Significant flu activity in AL; Cullman Regional reports ‘substantial increase’ this week


MONTGOMERY – Influenza activity levels are increasing across the state of Alabama, according to the Alabama Department of Public Health (ADPH), which said several positive influenza (flu) specimens in north Alabama have been reported in the previous three weeks. While the flu season is just getting started in much of the country, activity is already elevated in Alabama with providers reporting 3.59 percent of outpatient visits due to influenza-like illness. Flu is a very contagious respiratory illness. Some of the symptoms of influenza include fever, cough, sore throat, runny/stuffy nose, headache, muscle aches and extreme fatigue.

Numbers are on the rise here in Cullman County.

“We have seen a substantial increase over the past seven days,” said Cullman Regional’s Executive Director, Marketing and Public Relations Lindsey Dossey, on Monday. “Positive flu tests have increased from four per week to 30 per week.”

"Providers reporting increased percentages of patients with influenza-like illness and influenza samples sent to public health provide an indication of the geographic spread of influenza in Alabama," said Dr. Karen Landers, district medical officer for the ADPH. "This is concerning because influenza can be a serious disease for anyone, even children, pregnant women, and previously healthy young adults."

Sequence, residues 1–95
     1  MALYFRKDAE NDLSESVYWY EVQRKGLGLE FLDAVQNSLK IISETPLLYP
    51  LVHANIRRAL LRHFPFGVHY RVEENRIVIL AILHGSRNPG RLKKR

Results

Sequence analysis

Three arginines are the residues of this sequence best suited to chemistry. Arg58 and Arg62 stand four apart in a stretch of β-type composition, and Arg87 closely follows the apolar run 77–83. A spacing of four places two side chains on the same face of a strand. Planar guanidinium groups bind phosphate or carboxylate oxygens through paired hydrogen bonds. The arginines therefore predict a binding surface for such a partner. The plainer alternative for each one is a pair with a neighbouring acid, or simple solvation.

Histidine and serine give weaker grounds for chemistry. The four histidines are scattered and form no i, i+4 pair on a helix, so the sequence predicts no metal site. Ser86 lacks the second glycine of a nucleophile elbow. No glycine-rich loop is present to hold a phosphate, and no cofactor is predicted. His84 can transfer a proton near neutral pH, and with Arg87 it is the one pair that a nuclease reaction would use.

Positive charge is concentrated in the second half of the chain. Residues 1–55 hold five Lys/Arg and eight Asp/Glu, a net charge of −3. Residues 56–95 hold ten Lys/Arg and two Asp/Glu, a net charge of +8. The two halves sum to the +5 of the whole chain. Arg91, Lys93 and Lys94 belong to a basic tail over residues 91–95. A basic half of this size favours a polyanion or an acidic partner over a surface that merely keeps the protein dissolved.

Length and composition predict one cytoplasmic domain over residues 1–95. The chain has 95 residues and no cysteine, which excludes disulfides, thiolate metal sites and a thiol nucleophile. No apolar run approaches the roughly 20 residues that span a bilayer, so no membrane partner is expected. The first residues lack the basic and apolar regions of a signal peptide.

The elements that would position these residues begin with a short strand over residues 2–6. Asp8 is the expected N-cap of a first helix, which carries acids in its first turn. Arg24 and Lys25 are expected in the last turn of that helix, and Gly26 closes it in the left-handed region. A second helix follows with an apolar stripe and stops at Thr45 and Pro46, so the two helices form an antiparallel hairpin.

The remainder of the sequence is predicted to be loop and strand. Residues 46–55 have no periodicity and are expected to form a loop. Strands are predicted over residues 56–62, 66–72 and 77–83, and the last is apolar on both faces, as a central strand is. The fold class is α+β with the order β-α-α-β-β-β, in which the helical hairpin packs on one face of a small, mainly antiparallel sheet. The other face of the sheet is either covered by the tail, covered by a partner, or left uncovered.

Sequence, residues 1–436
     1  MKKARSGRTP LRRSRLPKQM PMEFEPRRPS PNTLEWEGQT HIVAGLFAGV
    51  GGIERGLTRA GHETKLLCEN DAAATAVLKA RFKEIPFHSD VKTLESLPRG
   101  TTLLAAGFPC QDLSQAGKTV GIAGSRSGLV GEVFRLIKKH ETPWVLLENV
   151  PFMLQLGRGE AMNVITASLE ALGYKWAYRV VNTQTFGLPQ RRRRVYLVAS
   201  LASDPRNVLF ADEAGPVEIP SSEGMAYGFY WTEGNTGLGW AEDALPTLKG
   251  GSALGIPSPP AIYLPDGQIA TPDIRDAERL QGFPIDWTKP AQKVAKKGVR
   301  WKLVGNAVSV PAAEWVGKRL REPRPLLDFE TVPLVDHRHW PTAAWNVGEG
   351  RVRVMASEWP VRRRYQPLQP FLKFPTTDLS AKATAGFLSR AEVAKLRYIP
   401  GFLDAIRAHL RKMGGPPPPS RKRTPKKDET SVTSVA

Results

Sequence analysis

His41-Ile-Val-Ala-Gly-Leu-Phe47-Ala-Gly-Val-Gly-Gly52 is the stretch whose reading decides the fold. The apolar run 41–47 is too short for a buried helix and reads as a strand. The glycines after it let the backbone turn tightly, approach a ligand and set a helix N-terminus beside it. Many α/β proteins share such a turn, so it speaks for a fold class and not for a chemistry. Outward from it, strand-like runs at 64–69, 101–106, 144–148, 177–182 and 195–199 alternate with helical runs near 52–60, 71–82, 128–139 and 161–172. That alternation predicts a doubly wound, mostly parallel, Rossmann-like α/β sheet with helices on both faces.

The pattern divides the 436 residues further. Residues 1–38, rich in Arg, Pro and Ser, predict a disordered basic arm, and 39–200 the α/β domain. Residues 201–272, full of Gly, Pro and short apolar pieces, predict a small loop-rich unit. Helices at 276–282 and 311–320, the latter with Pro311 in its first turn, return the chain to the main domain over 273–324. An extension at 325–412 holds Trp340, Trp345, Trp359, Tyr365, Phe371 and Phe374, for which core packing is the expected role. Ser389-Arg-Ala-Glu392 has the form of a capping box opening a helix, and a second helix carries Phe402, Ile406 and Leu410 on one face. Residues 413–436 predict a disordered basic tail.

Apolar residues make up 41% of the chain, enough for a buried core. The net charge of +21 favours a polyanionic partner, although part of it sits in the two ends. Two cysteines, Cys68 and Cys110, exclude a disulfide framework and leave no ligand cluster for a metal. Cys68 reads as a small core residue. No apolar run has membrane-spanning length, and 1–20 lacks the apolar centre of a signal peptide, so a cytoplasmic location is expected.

The ADPH said an annual influenza vaccination is recommended for everyone 6 months and older and is the best prevention against getting the flu. Physicians, pharmacists and county health departments can provide flu vaccinations for Alabamians. Request the "quadrivalent vaccine," the one that protects against four influenza strains, because one of the strains in circulation in Alabama (Type B/Yamagata) is only included in the quadrivalent vaccine.

In addition to taking the flu vaccine, other measures can reduce or prevent the spread of influenza. These include staying at home when sick, covering the mouth and nose with a tissue/cloth when coughing or sneezing, and washing hands or using hand sanitizer frequently.

“Even healthy people can get very sick from the flu and spread it to others. It’s not too late to get a flu shot to protect against this serious disease. People become protected about two weeks after receiving the vaccine," said Landers.

Contact your private provider, pharmacy or local county health department to receive an influenza vaccination. For more information contact the Immunization Division of the Alabama Department of Public Health at 334-206-5023 or toll free at 800-469-4599, and visit

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